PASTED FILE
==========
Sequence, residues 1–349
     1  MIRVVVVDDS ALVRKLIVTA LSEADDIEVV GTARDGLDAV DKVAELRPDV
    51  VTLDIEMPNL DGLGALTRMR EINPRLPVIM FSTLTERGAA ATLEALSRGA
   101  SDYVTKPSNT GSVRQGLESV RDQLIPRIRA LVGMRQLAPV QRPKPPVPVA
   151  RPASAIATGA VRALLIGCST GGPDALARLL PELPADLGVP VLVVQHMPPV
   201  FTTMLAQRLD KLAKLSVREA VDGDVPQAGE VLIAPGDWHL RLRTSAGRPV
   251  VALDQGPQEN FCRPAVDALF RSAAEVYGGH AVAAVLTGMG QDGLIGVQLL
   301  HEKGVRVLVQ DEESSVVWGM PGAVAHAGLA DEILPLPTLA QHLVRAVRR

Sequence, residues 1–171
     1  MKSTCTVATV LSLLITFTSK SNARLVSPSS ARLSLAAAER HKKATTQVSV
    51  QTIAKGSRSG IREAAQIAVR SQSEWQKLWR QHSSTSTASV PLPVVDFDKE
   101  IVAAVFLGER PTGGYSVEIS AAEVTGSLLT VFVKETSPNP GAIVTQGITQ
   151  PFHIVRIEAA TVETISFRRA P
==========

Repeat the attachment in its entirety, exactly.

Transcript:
Sequence, residues 1–349
     1  MIRVVVVDDS ALVRKLIVTA LSEADDIEVV GTARDGLDAV DKVAELRPDV
    51  VTLDIEMPNL DGLGALTRMR EINPRLPVIM FSTLTERGAA ATLEALSRGA
   101  SDYVTKPSNT GSVRQGLESV RDQLIPRIRA LVGMRQLAPV QRPKPPVPVA
   151  RPASAIATGA VRALLIGCST GGPDALARLL PELPADLGVP VLVVQHMPPV
   201  FTTMLAQRLD KLAKLSVREA VDGDVPQAGE VLIAPGDWHL RLRTSAGRPV
   251  VALDQGPQEN FCRPAVDALF RSAAEVYGGH AVAAVLTGMG QDGLIGVQLL
   301  HEKGVRVLVQ DEESSVVWGM PGAVAHAGLA DEILPLPTLA QHLVRAVRR

Sequence, residues 1–171
     1  MKSTCTVATV LSLLITFTSK SNARLVSPSS ARLSLAAAER HKKATTQVSV
    51  QTIAKGSRSG IREAAQIAVR SQSEWQKLWR QHSSTSTASV PLPVVDFDKE
   101  IVAAVFLGER PTGGYSVEIS AAEVTGSLLT VFVKETSPNP GAIVTQGITQ
   151  PFHIVRIEAA TVETISFRRA P